The effects of the sacrament of Anointing of the Sick are as follows: “the uniting of the sick person to the passion of Christ, for [their] own good and that of the whole Church; the strengthening, peace, and courage to endure in a Christian manner the sufferings of illness or old age; the forgiveness of sins, if the sick person was not able to obtain it through the sacrament of Penance; the restoration of health, if it is conducive to the salvation of [their] soul; the preparation for passing over to eternal life.” (CCC, no. 1532) “The foremost effect attributed to the sacrament is the salvation of the whole person in the midst of the challenge to faith and to hope posed by the experience of sickness . . . both physical cure and the forgiveness of sins are secondary effects contingent upon the need of the recipient.” (Glen, 1179)

 

How is the Sacrament of Anointing of the Sick Celebrated?

“There are three distinct and integral aspects to the celebration of [the sacrament of Anointing of the sick]: the prayer of faith, the laying on of hands, and the anointing with oil.” (PCS, no. 104) “The community, asking God’s help for the sick, makes its prayer of faith in response to God’s word and in a spirit of trust (see James 5:14-15).” (PCS, no. 105) The gesture of the laying on of hands has several meanings: the priest identifies the person who is the object of the Churches prayer of faith; it’s a sign of blessing; it’s an invocation for the coming of the Holy Spirit upon the sick person; and, above all, it’s a biblical gesture of healing and Jesus’ own usual manner of healing. (Cf. PCS, no. 106) “The practice of anointing the sick with oil signifies healing, strengthening, and the presence of the Spirit. . . . Thus, the sick person is strengthened to fight against the physically and spiritually debilitating effects of illness, . . . [and] the oil of anointing is a sacramental sign of the presence, power, and grace of the Holy Spirit.” (PCS, no. 107)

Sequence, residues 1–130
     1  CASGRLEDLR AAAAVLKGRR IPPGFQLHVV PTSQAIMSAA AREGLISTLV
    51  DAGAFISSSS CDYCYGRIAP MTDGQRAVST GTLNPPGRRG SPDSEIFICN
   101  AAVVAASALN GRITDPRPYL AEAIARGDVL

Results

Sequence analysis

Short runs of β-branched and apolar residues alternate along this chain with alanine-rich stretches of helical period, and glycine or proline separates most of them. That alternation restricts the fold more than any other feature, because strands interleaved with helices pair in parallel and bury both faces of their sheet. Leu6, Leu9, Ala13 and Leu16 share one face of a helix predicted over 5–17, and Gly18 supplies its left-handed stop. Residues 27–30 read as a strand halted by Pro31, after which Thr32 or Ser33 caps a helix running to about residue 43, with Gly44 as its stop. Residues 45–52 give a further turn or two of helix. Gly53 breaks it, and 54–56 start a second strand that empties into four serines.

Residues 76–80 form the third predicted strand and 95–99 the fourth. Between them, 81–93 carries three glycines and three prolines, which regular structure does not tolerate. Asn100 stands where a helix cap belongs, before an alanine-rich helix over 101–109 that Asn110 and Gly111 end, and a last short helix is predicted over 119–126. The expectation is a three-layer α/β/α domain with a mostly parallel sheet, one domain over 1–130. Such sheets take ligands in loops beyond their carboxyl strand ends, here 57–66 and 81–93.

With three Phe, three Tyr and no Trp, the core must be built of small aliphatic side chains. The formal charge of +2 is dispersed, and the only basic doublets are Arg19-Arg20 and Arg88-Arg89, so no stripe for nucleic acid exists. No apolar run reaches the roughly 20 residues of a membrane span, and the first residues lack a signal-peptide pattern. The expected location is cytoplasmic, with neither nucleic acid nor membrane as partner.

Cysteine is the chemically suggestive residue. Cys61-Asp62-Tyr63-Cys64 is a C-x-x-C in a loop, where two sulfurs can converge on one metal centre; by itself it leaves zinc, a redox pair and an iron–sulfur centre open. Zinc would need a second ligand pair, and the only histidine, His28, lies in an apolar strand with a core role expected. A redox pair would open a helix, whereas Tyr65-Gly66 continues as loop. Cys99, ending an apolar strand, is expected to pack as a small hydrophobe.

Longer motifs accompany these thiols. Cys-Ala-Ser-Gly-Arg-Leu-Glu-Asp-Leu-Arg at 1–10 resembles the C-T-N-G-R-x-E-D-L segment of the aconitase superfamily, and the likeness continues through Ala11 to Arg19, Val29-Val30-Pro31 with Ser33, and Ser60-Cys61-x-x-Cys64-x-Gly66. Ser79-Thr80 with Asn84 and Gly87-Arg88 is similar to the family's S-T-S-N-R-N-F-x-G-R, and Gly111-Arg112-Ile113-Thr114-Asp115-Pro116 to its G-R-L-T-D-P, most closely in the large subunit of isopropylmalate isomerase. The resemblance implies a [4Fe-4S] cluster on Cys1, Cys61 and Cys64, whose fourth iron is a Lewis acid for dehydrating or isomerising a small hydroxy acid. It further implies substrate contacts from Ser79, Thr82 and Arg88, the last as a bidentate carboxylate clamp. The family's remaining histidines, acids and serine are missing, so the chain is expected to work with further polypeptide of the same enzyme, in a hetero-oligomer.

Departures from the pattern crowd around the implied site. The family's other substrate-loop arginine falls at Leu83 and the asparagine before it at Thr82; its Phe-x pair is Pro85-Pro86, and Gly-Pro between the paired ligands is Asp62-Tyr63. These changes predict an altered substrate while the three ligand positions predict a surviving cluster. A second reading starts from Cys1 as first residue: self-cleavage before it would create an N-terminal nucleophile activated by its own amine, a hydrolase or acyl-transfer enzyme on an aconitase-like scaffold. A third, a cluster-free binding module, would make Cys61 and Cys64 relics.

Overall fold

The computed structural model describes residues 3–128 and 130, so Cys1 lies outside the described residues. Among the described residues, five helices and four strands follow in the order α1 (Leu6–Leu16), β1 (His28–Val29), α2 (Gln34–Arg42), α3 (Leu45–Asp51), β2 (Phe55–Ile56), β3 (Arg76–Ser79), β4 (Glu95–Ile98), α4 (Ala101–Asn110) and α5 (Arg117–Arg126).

Where Should the Sacrament of Anointing of the Sick Celebrated?

Like all sacraments, Anointing of the Sick is a “liturgical service.” “Liturgical services are not private functions but are celebrations of the Church which . . . pertain to the whole Body of the Church . . . and . . . touch individual members of the Church in different ways.” (SC, no. 26) The “rites . . . are meant to be celebrated in common, with the faithful present and actively participating.” (SC, no. 27) Therefore, given the Sacrament of Anointing of the Sick’s liturgical and communal nature, it is “very fitting to celebrate it within the Eucharist,” (CCC, no. 1517) i.e. within the context of a Mass.

​If it is not possible for the sick person to receive the sacrament during a Mass, there are also rites for “anointing outside of Mass, . . . and anointing in a hospital or institution.” (PCS, no. 97) No matter where the sacrament of anointing is celebrated (home, hospital, institution, or church), it “should be celebrated with members of the family and other representatives of the Christian community whenever this is possible. Then the sacrament is seen for what it is— a part of the prayer of the Church and an encounter with the Lord.” (PCS, no. 99)

 

Can the Sacrament of Anointing of the Sick be Repeated?